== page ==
1954 was also significant for records in other States e.g. Victoria. New Zealand parallels New
    South Wales in that 1954 and 1973 produced records of a relatively large number of Blue
    Petrels (Falla et. al. 1966; Edgar 1973). It is also interesting to note that 1973 saw the occurr-
    ence of unusually large numbers of the Dove Prion pach vpti/a desobta on New South
    Wales coasts, 194+ (Rogers 1974), compared to one and nil in 1972 and 1971 respectively
    (Morris in litt.).
    We are very grateful to Messrs. H. J. deS. Disney, A. R. McGill, D. R. Milledge, A. K.
    Morris, A. E. F. Rogers and D. Sawyer for their kind assistance with enquiries during the
    preparation of this paper.
    Alexander, W. B. 1963 Birds of the Ocean. 2nd ed. New York: G. P. Putnam’s
    Condon, H. T. 1969 A Handlist of the Birds of South Australia. 3rd ed.
    Adelaide: S.A.O.A.
    Cooper, R. P. 1970 Additional Records of Birds from Wilson’s Promontory.
    Aust. Bird Watcher 3:239-245.
    Dell, R. K. 1952 The Blue Petrel in Australasian Waters. Emu 52:147-152.
    Edgar, A. T. 1973 Classified Summarised Notes. Notornis 20:346-376.
    Falla, R. A., 1966. A Field Guide to the Birds of New Zealand.
    R. B. Sibson and London: Collins.
    E. G. Turbott
    Fletcher, J. A. 1928 Bird Notes from Southern Tasmania. Emu 28:156.
    Green, R. H. 1962 A Tasmanian Record of the Blue Petrel. Emu 62:215.
    Green, R. H. and 1971 The Birds of King Island. Rec. Vic. Mus. No. 40.
    A. M. McGarvie
    Hindwood, K. A. and 1955 Sea-bird Mortality in Coastal New South Wales during
    A. R. McGill July, 1954. Emu 55:148-156.
    Jehl, J. R. Jr. 1973 The Distribution of Marine Birds in Chilean Waters in
    Winter. Auk 90:114-135.December, 1974 35.
    Johnson, A. W. 1965 The Birds of Chile and Adjacent Regions of Argentina,
    Bolivia and Peru. Vol. 1. Buenos Aires: Platt Est. Graf.
    Learmonth, N. F. 1955 Blue Petrels in Victoria. Emu 55:99.
    McGarvie, A. M. and 1974 Additions to the Birds of King Island, Bass Strait.
    M. T. Templeton Emu 74:91-96.
    Murphy, R. C. 1936 Oceanic Birds of South America. 2 Vols. New York:
    Amer. Mus. Nat. Hist.
    Rogers, A. E. F. 1974 N. S. W. Bird Report for 1973. Birds 8:97-119.
    Serventy, D. L., 1971 Handbook of Australian Sea -birds.
    V. Serventy and A. H. & A. W. Reed.
    J. Warham
    Serventy, D. L. and 1967 Birds of Western Australia.
    H. M. Whittell 4th ed. Perth: Lamb Publ.
    Sharland, M. S. R. 1958 Tasmanian Birds. 2nd ed. Sydney: Angus & Robertson.
    Szijj, L. J. 1967 Notes on the Winter Distribution of Birds in the Western
    Antarctic and Adjacent Pacific Waters. Auk 84:366-378.
    Voous, K. H. 1970 Blue Petrels Halobaena caerulea in Cape Seas.
    Ardea 58:266-267.
    Warner, D. W. 1947 The Ornithology of New Caledonia and the Loyalty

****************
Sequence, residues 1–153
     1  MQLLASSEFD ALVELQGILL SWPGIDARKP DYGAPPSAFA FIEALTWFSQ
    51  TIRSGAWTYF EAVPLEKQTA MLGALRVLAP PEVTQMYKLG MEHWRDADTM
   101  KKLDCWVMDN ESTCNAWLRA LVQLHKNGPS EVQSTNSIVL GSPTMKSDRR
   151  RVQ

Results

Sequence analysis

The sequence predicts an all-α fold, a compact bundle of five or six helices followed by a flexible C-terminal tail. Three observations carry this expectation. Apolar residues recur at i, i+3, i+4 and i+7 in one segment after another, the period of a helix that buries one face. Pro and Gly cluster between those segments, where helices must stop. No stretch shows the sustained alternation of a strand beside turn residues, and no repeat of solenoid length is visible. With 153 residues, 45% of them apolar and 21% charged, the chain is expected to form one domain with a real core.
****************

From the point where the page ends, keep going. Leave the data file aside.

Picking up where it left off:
Islands. Unpubl. Ph. D. thesis. Cornell University,
    New York.
    Wheeler, W. R. 1967 A Handlist of the Birds of Victoria. Melbourne V.O.R.G.
    MR. B. 14). FINCH, 29 Macken St., Oatley West, 2223
    MR. M. D. BRUCE, 8 Spurwood Road, Turramurra, N.S.W. 207436. AUSTRALIAN BIRDS 9 (2)
    D. G. GOSPER
    Bruce (1974 Aust. Birds 9:17), summarising recent occurrences of the Red -backed Quail
    Turnix maculosa in south-eastern Australia, lists four sightings from coastal northern N.S.W.*
    Two further records from this region, including one of breeding, are now described. Both obser-
    vations were made in cultivations on adjoining dairy farms at Southgate, 9 km north-east of
    Grafton during the late 1950’s and early 1960’s whilst was resident in the district.
    Between 1957 and 1960 (no date was recorded) a breeding record of the Red -backed Quail
    was obtained when a deserted nest containing two eggs was found in a lucerne bed following
    mowing. At the time was unable to identify the eggs with certainty from the description in
    the available literature. Some years then elapsed before was prompted to forward the eggs to
    Mr. K. A. Hindwood for positive identification. In reply (25.9.62) Mr. Hindwood stated “They
    agree quite well with those of the Red -backed Quail T maculosa, also called Black -backed,
    Black -spotted and Orange -breasted Quail. The glossy surface of the eggs separate them from the
    rather similar eggs of the Red -chested Quail, the eggs of which species have a dull surface and,
    in the Museum series at least, are slightly larger and more pointed”.
    A further occurrence of the species was recorded in December 1962 when a female was
    captured in an oats crop by a neighbour, Mr. G. Tarrant. The bird was placed in an aviary where
    viewed it on a number of occasions, the first being 21 December. These were the only occasions
    on which evidence of the presence of the Red -backed Quail was detected although cultivation
    paddocks, particularly lucerne, were frequented by Brown Quail Synoicus ysilophorus,
    Stubble Quail Coturnix pectoralis and King Quail Excalfactoria chinensis, all of which
    bred as indicated by nests found after mowing in most years.
  • (Note: Bruce (op. cit.) gives the record by Hobbs and Kaveney (1962 Emu 61:296) as
    Diamond Head near Woolgoolga. However, the location given by the original authors in their
    paper is Diamond Head, north of Taree).
    D. G. GOSPER, 15 Arthur Street, Casino, N.S.W. 2470h allid , ‘f- t2 1:k
    Hobbs, J. N. A Western Sandpiper in New South Wales 21
    Sawyer, David. An Australian Dotterel near Sydney 24
    Baldwin, Merle. Colour variation of a Willie Wagtail 25
    Rose, A. Barclay. Birds that include ants in their diet 26
    Lindsey, Terrence. A record of a Long-tailed Skua in New South Wales 31
    Finch, Brian W. & Murray D. Bruce. The status of the Blue Petrel in Australian Waters
    Waters 32
    Gosper, D. G. Supplementry records of the Red -backed Quail from north-eastern
    New South Wales 36